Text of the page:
Translator: Leslie GauthierReviewer: Camille Martínez When people find outI write about time management, they assume two things.
One is that I'm always on time, and I'm not.
I have four small children, and I would like to blame themfor my occasional tardiness, but sometimes it's just not their fault.
I was once late to my own speechon time management.
(Laughter) We all had to just take a momenttogether and savor that irony.
The second thing they assumeis that I have lots of tips and tricks for saving bits of time here and there.
Sometimes I'll hear from magazinesthat are doing a story along these lines, generally on how to help their readersfind an extra hour in the day.
And the idea is that we'll shavebits of time off everyday activities, add it up, and we'll have time for the good stuff.
I question the entire premiseof this piece, but I'm always interested in hearing what they've comeup with before they call me.
Some of my favorites: doing errands where you onlyhave to make right-hand turns — (Laughter) Being extremely judiciousin microwave usage: it says three to three-and-a-halfminutes on the package, we're totally getting in onthe bottom side of that.
And my personal favorite, which makes sense on some level, is to DVR your favorite shows so you canfast-forward through the commercials.
That way, you saveeight minutes every half hour, so in the course of two hoursof watching TV, you find 32 minutes to exercise.
(Laughter) Which is true.
You know another way to find32 minutes to exercise? Don't watch two hours of TV a day, right? (Laughter) Anyway, the idea is we'll save bitsof time here and there, add it up, we will finally getto everything we want to do.
But after studying how successfulpeople spend their time and looking at theirschedules hour by hour, I think this ideahas it completely backward.
We don't build the liveswe want by saving time.
We build the lives we want, and then time saves itself.
Here's what I mean.
I recently did a time diary project looking at 1, 001 days in the livesof extremely busy women.
They had demanding jobs, sometimes their own businesses, kids to care for, maybe parents to care for, community commitments — busy, busy people.
I had them keep trackof their time for a week so I could add up how muchthey worked and slept, and I interviewed themabout their strategies, for my book.
One of the women whose time log I studied goes out on a Wednesday nightfor something.
She comes home to findthat her water heater has broken, and there is now waterall over her basement.
If you've ever had anythinglike this happen to you, you know it is a hugely damaging, frightening, sopping mess.
So she's dealing with the immediateaftermath that night, next day she's got plumbers coming in, day after that, professional cleaningcrew dealing with the ruined carpet.
All this is being recordedon her time log.
Winds up taking seven hours of her week.
That's like findingan extra hour in the day.
But I'm sure if you had asked herat the start of the week, “Could you find seven hoursto train for a triathlon?” “Could you find seven hoursto mentor seven worthy people?” I'm sure she would've saidwhat most of us would've said, which is, “No — can't you seehow busy I am?” Yet when she had to find seven hours because there is waterall over her basement, she found seven hours.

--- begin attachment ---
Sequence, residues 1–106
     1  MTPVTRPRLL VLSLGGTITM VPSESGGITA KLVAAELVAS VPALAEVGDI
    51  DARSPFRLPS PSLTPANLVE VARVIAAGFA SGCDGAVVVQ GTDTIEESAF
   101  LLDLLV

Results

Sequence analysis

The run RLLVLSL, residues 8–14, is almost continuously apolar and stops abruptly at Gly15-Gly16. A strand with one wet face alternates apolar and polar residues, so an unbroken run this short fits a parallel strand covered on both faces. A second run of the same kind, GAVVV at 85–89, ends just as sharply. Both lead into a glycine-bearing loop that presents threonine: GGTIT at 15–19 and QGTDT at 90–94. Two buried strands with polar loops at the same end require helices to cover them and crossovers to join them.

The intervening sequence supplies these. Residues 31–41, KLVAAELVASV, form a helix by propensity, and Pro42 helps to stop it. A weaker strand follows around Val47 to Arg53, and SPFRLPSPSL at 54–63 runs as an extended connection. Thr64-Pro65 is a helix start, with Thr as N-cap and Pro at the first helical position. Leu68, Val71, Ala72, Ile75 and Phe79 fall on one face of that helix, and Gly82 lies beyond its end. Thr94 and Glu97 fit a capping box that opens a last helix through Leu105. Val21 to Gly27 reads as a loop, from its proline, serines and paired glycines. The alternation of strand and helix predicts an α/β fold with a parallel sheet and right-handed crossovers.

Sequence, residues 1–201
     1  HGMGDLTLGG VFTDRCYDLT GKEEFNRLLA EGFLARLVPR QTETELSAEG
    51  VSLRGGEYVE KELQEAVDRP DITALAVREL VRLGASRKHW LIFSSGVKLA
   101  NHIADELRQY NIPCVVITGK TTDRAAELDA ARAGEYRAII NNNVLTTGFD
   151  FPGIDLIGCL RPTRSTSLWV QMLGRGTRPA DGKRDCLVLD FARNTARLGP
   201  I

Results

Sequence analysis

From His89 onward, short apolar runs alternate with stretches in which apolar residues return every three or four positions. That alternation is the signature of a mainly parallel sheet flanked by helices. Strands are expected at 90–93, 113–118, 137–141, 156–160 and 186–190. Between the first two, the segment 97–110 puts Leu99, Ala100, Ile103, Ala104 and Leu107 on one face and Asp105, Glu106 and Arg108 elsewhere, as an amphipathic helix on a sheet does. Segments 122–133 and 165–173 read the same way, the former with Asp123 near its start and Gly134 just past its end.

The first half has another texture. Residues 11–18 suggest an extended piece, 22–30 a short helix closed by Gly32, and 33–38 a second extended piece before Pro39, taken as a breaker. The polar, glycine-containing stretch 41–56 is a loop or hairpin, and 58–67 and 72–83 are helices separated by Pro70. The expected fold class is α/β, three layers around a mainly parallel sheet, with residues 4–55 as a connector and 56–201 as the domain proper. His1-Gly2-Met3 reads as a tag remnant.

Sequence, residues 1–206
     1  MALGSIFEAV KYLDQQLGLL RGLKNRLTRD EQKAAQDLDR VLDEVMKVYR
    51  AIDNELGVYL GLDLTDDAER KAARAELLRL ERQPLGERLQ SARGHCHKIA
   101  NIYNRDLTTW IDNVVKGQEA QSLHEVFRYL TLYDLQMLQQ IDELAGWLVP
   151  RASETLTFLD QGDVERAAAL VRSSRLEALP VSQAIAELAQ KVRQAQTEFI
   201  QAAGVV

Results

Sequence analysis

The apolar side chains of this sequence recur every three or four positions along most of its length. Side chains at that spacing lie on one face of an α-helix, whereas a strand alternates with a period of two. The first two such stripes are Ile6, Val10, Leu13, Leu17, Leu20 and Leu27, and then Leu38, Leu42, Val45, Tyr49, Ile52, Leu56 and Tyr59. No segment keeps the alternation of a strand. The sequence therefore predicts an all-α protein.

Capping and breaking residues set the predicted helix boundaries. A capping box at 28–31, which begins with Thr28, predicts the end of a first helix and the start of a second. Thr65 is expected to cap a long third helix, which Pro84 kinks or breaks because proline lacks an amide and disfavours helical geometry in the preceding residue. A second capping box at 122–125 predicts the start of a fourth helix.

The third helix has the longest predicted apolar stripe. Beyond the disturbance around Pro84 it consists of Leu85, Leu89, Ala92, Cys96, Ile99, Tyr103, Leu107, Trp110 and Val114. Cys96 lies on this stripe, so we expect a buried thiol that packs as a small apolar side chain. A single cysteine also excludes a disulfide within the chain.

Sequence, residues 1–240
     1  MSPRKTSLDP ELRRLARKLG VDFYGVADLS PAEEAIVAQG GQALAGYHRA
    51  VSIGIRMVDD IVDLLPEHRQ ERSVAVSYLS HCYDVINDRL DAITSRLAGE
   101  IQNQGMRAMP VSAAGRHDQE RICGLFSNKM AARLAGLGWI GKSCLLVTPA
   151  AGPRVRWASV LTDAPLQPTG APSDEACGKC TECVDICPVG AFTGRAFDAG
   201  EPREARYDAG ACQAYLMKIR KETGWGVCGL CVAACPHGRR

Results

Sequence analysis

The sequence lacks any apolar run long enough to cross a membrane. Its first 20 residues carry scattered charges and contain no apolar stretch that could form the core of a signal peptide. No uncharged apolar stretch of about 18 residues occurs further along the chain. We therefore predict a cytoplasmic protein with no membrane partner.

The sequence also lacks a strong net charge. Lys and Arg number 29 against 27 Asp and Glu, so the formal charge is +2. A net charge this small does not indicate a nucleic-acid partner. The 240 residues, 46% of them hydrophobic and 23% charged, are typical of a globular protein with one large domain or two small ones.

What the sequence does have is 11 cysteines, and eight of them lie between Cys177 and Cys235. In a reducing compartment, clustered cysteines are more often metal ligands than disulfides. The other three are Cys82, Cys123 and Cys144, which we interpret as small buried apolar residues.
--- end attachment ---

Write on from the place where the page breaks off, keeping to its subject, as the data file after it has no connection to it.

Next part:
And what this shows usis that time is highly elastic.
We cannot make more time, but time will stretch to accommodatewhat we choose to put into it.
And so the key to time management is treating our priorities as the equivalentof that broken water heater.
To get at this, I like to use language from oneof the busiest people I ever interviewed.
By busy, I mean she was runninga small business with 12 people on the payroll, she had six children in her spare time.
I was getting in touch with herto set up an interview on how she “had it all” — that phrase.
I remember it was a Thursday morning, and she was not availableto speak with me.
Of course, right? But the reason she wasunavailable to speak with me is that she was out for a hike, because it was a beautiful spring morning, and she wanted to go for a hike.
So of course this makes meeven more intrigued, and when I finally do catch up with her, she explains it like this.
She says, “Listen Laura, everything I do, every minute I spend, is my choice.
” And rather than say, “I don't have time to do x, y or z, ” she'd say, “I don't do x, y or zbecause it's not a priority.
” “I don't have time, ” often means”It's not a priority.
” If you think about it, that's really more accurate language.
I could tell you I don't have timeto dust my blinds, but that's not true.
If you offered to pay me $100, 000to dust my blinds, I would get to it pretty quickly.
(Laughter) Since that is not going to happen, I can acknowledge this is nota matter of lacking time; it's that I don't want to do it.
Using this language reminds usthat time is a choice.
And granted, there may be horrible consequencesfor making different choices, I will give you that.
But we are smart people, and certainly over the long run, we have the power to fill our lives with the things that deserve to be there.
So how do we do that? How do we treat our priorities as the equivalentof that broken water heater? Well, first we needto figure out what they are.
I want to give you two strategiesfor thinking about this.
The first, on the professional side: I'm sure many peoplecoming up to the end of the year are giving or gettingannual performance reviews.